From my diary

I am continuing to turn my reference books into PDFs by taking the covers off and breaking them into sections, guillotining the edge and then scanning them.  This is going well.

I also visited a local second hand bookshop and purchased a few classics for a couple of dollars each.  These were books that I already had, but where I wanted to retain my cherished paper copy.

One thing that I would like to do is to scan Christian paperbacks from the 1980s in the same way.  Unfortunately it seems that charity shops and second-hand shops tend to discard “religious” paperbacks as unsaleable.

I now have a couple of monster volumes to do.  One of these is an Italian reference volume which I bought in a bookshop in the Via della Conciliazione in Rome, the street that leads up to the Vatican.  It has since been translated into English, and it would be more useful to me in PDF.  Another is a monstrous volume sent to me for review, which I consider unreadable in paper form.  I think that it is a show volume, created solely to impress, rather than inform.  Anyway, it would be better in PDF.

A correspondent drew my attention to a series of volumes giving yet another “real Jesus” narrative.  I am preparing a review of one of the key points of this theory; but it doesn’t really seem to be widely known, and I am nervous of giving it publicity.

In the process I discovered the existence of a “Life of St Paul” included in many Greek manuscripts of the Acts and Letters, and attributed to a certain Euthalius.  I’ll probably do a post on this once I understand the matter better than I do now.

It is the depths of winter here at the moment.  At some point I hope to get another contract and go back to work.  Meanwhile … I can continue to declutter my shelves!!

The crucifixion graffito of Alkimilla from Puteoli

I was unfamiliar with this item until today, and I doubt that I am alone in this.[1]

In 1959 a group of eight Tabernae were excavated at Puteoli.  Taberna 5 was a guesthouse, as is clear from the graffiti within it.  These mention various names and cities.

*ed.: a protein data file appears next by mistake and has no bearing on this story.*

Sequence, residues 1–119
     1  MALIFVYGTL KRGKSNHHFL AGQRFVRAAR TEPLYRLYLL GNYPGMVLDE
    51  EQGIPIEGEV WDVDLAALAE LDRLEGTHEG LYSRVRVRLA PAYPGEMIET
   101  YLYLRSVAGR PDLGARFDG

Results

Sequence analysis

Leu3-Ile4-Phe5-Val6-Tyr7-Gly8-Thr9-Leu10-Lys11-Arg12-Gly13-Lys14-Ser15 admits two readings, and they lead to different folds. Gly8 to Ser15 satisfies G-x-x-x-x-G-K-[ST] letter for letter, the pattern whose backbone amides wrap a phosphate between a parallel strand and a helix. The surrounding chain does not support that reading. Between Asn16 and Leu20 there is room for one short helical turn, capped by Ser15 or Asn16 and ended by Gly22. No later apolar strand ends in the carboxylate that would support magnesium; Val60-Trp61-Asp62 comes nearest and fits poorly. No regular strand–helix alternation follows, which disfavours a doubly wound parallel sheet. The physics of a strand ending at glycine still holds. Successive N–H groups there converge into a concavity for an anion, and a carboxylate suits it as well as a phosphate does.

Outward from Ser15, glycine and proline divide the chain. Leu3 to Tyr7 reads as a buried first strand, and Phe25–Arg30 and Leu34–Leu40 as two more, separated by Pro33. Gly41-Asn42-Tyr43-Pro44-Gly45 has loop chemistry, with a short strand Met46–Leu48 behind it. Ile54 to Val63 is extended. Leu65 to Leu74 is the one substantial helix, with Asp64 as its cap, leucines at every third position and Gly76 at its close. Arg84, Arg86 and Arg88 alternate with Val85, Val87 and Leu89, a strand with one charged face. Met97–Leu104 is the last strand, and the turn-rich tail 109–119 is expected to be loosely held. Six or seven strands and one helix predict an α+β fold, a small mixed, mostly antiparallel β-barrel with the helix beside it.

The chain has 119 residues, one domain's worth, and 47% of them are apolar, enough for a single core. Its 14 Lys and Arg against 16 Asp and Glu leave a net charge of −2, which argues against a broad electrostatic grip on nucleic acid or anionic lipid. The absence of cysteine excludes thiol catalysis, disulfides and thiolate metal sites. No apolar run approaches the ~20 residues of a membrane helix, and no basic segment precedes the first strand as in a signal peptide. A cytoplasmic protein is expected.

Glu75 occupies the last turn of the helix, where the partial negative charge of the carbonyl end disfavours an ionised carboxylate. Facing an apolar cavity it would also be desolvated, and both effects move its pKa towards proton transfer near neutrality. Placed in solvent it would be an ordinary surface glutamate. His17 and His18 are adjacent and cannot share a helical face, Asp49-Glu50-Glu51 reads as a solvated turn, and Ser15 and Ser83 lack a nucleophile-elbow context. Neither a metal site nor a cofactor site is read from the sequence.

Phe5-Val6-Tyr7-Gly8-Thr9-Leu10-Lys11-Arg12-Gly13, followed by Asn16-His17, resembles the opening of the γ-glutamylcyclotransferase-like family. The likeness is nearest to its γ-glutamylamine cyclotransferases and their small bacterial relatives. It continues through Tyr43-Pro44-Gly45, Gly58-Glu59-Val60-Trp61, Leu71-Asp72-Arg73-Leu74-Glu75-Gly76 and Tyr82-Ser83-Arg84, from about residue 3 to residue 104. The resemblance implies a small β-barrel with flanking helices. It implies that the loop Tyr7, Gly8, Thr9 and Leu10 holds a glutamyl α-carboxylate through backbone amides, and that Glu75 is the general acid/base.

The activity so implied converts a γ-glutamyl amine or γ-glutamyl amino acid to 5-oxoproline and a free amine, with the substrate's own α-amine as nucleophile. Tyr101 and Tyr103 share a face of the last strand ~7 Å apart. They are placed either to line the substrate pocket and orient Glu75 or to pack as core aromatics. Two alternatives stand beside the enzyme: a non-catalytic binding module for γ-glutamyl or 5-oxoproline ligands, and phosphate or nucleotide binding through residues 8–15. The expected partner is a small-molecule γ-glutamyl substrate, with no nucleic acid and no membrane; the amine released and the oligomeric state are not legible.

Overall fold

On the west wall of taberna 5, a mass of graffiti included the following graffito of a crucified woman.[2]  The cross is 40 cm high, the cross-piece is 26 cm long, and the figure is 35 cm high.  The graffiti belongs to the reign of Trajan or Hadrian.

A name, Ἀλκίμιλα (= Alkimila, Alkimilla), is inscribed over the left-hand side of the image, above the shoulder, suggesting that this is the name of the person in question. It is also possible that this is a form of curse text, rather than a record of an actual event.  The marks across the body are perhaps from flaying or whipping.

The Crucified Alkimilla. Trajanic-Hadrianic era. Puteoli: Via Pergolesi 146, Taberna 5. West Wall. Drawing by Professor Antonio Lombatti.
  1. [1]Details via John Granger Cook, Crucifixion in the Mediterranean World, 2014, p.203-4, which gives a photograph of the graffito and the inscription, and a good bibliography.
  2. [2]Published in M. Guarducci, “Iscrizioni grechi e latine in una taberna a Pozzuoli”, Acta of the Fifth International Congress of Greek and Latin Epigraphy Cambridge, 1967, Oxford (1971), 219-223.

Review: “Before Nicea: The early followers of Prophet Jesus” by Abdul Haq al Ashanti and Abdur Rahman Bowes, 2005

This book was drawn to my attention on Twitter, where it was offered as a scholarly source for some very odd remarks about ante-Nicene Christianity.

The book has the ISBN of 0955109906.  But it circulates most widely in eBook form, e.g.  The eBook that I have marks it as “© SalafiManhaj 2005”, although it does not seem to appear on the site here.  The authors are Abdul Haq al-Ashanti (once known as Paul Addae, a 39-year old SOAS graduate), and Abdur Rahman Bowes (once known as Tim Bowes, I think).  The former is a media representative for the Brixton mosque in London, set up by West African Salafi muslims, as is apparent from this report here.